How to Calculate the Net Asset Value
The Net Asset Value (NAV) is the calculation that determines the value of a share in a fund of multiple securities, such as a mutual fund, hedge fund, or exchange-traded fund (ETF). While stock prices change constantly when markets are open, the NAV of a fund is calculated at the end of business each day, to reflect the price changes in the investments owned by the fund. This NAV calculation makes it easy for investors to track the value of their shares in a fund, and the NAV of a share in a fund generally establishes its selling price.
1. Choose the valuation date. The net asset value (NAV) of a mutual fund, hedge fund, or ETF changes every day the stock market is open, as the value of the fund's investments fluctuate. For your net asset value calculation to be valuable, you must use fund data for the calculation on a date that is relevant to your needs. Choose a specific date and ensure all the values you use to calculate your fund net asset value come from this date.
2. Calculate the total value of the fund’s securities at the end of the valuation date. The fund’s securities are its ownership of stocks, bonds, and other securities. As these securities’ values are posted daily, you can learn the value of your fund’s investment in each kind of security at the end of the valuation date.
This total should include value of any cash on hand on the valuation date, as well as any short term or long term assets held by the fund.
3. Subtract outstanding fund liabilities. In addition to investments, the fund likely has several outstanding liabilities. These are amounts the fund has borrowed to make additional investments, in the hopes that the fund can earn interest on its investments at a higher rate than it pays on its outstanding loans. Subtract the amount of these debts from the total value of the securities you calculated.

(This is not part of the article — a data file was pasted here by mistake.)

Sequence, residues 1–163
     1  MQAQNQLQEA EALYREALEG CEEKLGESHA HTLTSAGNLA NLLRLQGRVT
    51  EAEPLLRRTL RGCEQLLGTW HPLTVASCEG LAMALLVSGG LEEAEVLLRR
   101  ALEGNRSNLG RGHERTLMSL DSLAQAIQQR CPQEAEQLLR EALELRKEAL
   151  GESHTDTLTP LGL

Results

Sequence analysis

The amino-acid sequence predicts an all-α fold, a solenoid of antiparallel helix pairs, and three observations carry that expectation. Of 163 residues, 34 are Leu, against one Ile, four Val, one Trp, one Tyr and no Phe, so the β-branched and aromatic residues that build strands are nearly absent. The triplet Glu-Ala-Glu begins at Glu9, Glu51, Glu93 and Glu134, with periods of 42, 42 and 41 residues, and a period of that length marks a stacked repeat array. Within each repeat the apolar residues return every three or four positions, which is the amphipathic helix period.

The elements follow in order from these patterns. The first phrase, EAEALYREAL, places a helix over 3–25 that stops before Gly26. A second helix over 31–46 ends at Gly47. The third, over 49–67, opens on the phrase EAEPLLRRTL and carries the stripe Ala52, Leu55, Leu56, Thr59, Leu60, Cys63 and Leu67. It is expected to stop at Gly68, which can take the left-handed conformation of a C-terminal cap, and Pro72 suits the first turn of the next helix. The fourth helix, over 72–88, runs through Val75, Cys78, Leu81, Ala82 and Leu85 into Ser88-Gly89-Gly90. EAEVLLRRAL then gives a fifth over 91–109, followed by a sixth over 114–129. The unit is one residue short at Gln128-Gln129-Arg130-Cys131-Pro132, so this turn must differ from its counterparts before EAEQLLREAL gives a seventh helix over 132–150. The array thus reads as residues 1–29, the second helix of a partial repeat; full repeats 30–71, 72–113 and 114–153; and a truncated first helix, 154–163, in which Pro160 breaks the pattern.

The fund's prospectus will list each of its assets and liabilities. Download the prospectus online or call for it by phone. Most newspapers will have daily stock listings showing the closing price of any publicly traded stock.
4. Divide by the number of outstanding shares in the fund. The result of this calculation is the net asset value, or the value of one share’s portion of the assets owned by the fund. If you own multiple shares in the fund, you can multiply the NAV by the number of shares you own to learn the market value of your investment. The NAV generally determines the buy or sell price of a mutual fund share, so you should expect to be able to sell back your shares for relatively close to the NAV.
For mutual funds, NAV per share is calculated every day. It is based on the closing prices of the securities in the fund.
Buy and sell orders for mutual funds are processed based on the NAV for the date. Since the NAV is calculated at the close of business, investors must wait until the next business day to make the trade at that price.
Evaluating Long-Term Fund Performance with NAV and Total Return
1. Calculate your fund's total return. The total return on a fund is the sum of the value of any dividends the fund paid out, the value of any capital gains the fund paid out, and any increase in NAV over the life of the purchaser's holding, divided by the purchase price of the fund. The total return is expressed as a percentage, to illustrate what percent of the purchase price holders have received in cash distributions and fund appreciation during the fund life.
Mutual funds are required by law to distribute capital gains (positive cash flow from the purchase and sale of stock with mutual funds) to fund shareholders. This is different than a share of stock, where the holder receives capital gains as an increase to share price, not a direct pay out. For this reason, the NAV of a fund isn't enough on its own to evaluate long-term performance of a fund.
2. Evaluate your fund's total return rate. You should analyze your total return rate to determine whether or not you are earning enough income off of your fund investment. Most funds are fairly diverse, and mutual funds should over-perform the stock market. While the stock market does fluctuate constantly, you should evaluate your fund's performance against the market's to ensure you are getting a reasonable return.
From 1926 to the present, the annualized return for the S&P 500 has been about 10 percent. The annualized return from Sept 2005 to Sept 2015 for S&P 500 has been about 7%. Note that returns can vary depending upon holding period, and that returns of individual stocks can vary significantly. You should compare your total return rate to the return rate on the stock market for the period you are assessing, while considering your overall acceptable return rate.